{24}   Epilogue (Rev 22:1-21)


Part 10. The new heaven and the new earth (21:1—22:21)

10.3.    Eden restored (22:1-5)

10.4.    Epilogue (22:6-21)

        PICTURE: John sees more details of New Jerusalem. Then Jesus concludes the revelation to John by affirming what is recorded is true and that He will come again soon.


22:1     The garden of Eden described in Gen 2 is now restored to mankind. The angel shows John the river of the water of life flowing from God’s throne. It is a sparkling rush of pure water. It symbolizes: [1] the life-giving stream flowing from the presence of God, [2] the abundant life that God now gives to His people, [3] immortality, [4] the Holy Spirit.

The throne of God is now shared with the Lamb.

22:2     The crystal river flows down the centre of a wide avenue. It is bordered on either side by the tree of life. In Gen 2:9; 3:22, if Adam had eaten of the tree of life, he would have received immortality. The tree of life here is an allusion to the tree of life in the garden of Eden. Man may now legitimately enjoy the blessing, meaning that immortality is assured. The fruits are 12 crops in succession, not 12 kinds of fruit. It signifies abundant supply.

The leaves of the tree are described as having the power of healing. But since there is no more sickness, then what use has it? Some takes the word to mean “health-giving”, not for correcting ills which do not exist. Some take it to mean the complete absence of physical and spiritual want. [Note that the river in Ezekiel’s vision is bordered by trees that bring forth new fruit each month and whose leaves are for healing (Eze 47:12).]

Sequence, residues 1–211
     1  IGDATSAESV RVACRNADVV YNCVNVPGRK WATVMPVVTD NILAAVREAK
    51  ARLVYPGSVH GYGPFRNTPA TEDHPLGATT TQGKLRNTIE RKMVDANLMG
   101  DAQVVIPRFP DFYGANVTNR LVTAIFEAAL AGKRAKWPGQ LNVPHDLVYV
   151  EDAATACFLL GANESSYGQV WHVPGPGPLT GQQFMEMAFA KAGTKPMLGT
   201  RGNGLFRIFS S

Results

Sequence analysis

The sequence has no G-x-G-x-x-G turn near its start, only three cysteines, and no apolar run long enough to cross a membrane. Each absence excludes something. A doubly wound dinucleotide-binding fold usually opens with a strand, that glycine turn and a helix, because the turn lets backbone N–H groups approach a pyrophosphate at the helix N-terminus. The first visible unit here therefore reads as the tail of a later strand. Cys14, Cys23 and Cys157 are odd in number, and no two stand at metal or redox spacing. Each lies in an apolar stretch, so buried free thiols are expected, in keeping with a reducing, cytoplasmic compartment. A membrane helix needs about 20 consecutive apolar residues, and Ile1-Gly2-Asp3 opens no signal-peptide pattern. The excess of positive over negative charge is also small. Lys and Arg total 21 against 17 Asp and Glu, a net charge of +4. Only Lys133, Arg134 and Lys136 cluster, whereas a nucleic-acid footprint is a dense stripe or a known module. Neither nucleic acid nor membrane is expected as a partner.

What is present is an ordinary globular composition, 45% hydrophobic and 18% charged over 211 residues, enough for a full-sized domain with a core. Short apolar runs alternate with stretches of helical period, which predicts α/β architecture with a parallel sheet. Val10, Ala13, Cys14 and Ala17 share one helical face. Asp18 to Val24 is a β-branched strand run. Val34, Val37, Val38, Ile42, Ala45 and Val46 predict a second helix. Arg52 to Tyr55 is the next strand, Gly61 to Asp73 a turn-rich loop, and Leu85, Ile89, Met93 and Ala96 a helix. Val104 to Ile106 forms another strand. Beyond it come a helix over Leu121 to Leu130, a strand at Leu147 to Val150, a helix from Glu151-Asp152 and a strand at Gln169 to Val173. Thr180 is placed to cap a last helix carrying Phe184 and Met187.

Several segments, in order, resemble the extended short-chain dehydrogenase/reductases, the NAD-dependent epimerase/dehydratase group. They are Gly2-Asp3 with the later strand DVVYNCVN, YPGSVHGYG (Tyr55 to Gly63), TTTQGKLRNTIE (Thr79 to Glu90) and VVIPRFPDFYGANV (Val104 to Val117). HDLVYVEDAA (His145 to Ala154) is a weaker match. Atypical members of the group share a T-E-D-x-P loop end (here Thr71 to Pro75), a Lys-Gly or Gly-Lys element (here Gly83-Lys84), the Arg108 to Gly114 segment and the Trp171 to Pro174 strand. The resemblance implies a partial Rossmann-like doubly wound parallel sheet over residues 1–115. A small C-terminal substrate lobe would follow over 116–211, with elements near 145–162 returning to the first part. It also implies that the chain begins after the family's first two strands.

“The nations” certainly do not refer to unsaved people living outside New Jerusalem because there is no more death (21:4) and unsaved people are not qualified to receive immortality. The phrase functions like “peoples” in 21:3, emphasizing the different nationalities of the redeemed community.

22:3     “Curse” is not the act of cursing but means “accursed thing”. Nothing will be under the curse of sin.

22:4     In the OT, no one can see the face of God, including Moses (Ex 33:20,23) and Isaiah (Isa 6:1-7). Now, there is nothing between God and His people. As the followers of the beast bore his mark upon their foreheads (Rev 13:16), so the faithful will bear the name of God upon their foreheads. It symbolizes God’s ownership and likeness to God.

22:5     The light of the sun and the moon will be replaced by the everlasting light of the glory of God (Isa 60:19-20). There will be one continuous day (Zec 14:7). While all the saints will reign for ever and ever, it is not said that they will reign over anyone. It simply describes a blessed and exalted state of sharing in royalty.

Because of man’s sin, paradise (the Garden of Eden) was lost. Through the sacrifice of Jesus, paradise (New Jerusalem, the new Garden of Eden) is regained. It brings us full circle to the original desires of God in His creation.

22:6     The last passage (vv.6-21) of Revelation contains 2 major themes: the authenticity of the book as a divine revelation, and the imminence of the end. There are great similarities between the Prologue and the Epilogue of Revelation: The book is a genuine prophecy (1:3; 22:6,9-10,18-19) by a duly commissioned prophet (1:1,9-10; 22:8-10) to be read in the churches (1:3,11; 22:18) for the encouragement of the faithful (1:3; 22:7,12,14).